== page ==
Staff Publications

Staff Publications

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    'Staff publications' is the digital repository of Wageningen University & Research

    'Staff publications' contains references to publications authored by Wageningen University staff from 1976 onward.

    Publications authored by the staff of the Research Institutes are available from 1995 onwards.

    Full text documents are added when available. The database is updated daily and currently holds about 240,000 items, of which 72,000 in open access.

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Record number 548181
Title Symposium 2 : Nutrient interactions and their role in protection from chronic diseases: β-Carotene in the human body: Metabolic bioactivation pathways - From digestion to tissue distribution and excretion
Author(s) Bohn, Torsten; Desmarchelier, Charles; El, Sedef N.; Keijer, Jaap; Schothorst, Evert Van; Rühl, Ralph; Borel, Patrick
Source Proceedings of the Nutrition Society 78 (2019)1. - ISSN 0029-6651 - p. 68 - 87.
Department(s) WIAS
Human and Animal Physiology
Publication type Refereed Article in a scientific journal
Publication year 2019
Keyword(s) Absorption - Apo-carotenoids - Micellisation - Nuclear hormone receptor - Retinoic acid - SNPs - Vitamin A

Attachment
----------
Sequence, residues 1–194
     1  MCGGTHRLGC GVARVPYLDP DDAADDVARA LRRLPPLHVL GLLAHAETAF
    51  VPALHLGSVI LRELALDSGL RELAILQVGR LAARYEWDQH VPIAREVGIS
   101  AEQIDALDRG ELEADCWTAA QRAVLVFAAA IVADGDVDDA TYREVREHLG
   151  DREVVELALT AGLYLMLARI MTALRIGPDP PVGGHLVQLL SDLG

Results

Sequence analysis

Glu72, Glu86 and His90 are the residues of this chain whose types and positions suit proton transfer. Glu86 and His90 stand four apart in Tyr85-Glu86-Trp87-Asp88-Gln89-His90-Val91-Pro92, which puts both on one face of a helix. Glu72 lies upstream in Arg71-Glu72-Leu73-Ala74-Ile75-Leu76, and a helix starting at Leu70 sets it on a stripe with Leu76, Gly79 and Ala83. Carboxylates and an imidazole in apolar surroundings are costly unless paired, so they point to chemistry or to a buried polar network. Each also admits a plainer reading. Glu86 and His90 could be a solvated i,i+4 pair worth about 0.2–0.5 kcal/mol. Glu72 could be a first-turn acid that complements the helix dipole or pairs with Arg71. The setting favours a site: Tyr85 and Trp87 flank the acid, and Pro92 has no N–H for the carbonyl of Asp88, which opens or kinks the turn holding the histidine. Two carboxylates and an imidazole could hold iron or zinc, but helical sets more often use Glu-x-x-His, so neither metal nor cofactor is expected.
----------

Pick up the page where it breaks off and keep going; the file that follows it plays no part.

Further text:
β-Carotene intake and tissue/blood concentrations have been associated with reduced incidence of several chronic diseases. Further bioactive carotenoid-metabolites can modulate the expression of specific genes mainly via the nuclear hormone receptors: retinoic acid receptor- and retinoid X receptor-mediated signalling. To better understand the metabolic conversion of β-carotene, inter-individual differences regarding β-carotene bioavailability and bioactivity are key steps that determine its further metabolism and bioactivation and mediated signalling. Major carotenoid metabolites, the retinoids, can be stored as esters or further oxidised and excreted via phase 2 metabolism pathways. In this review, we aim to highlight the major critical control points that determine the fate of β-carotene in the human body, with a special emphasis on β-carotene oxygenase 1. The hypothesis that higher dietary β-carotene intake and serum level results in higher β-carotene-mediated signalling is partly questioned. Alternative autoregulatory mechanisms in β-carotene / retinoid-mediated signalling are highlighted to better predict and optimise nutritional strategies involving β-carotene-related health beneficial mediated effects.

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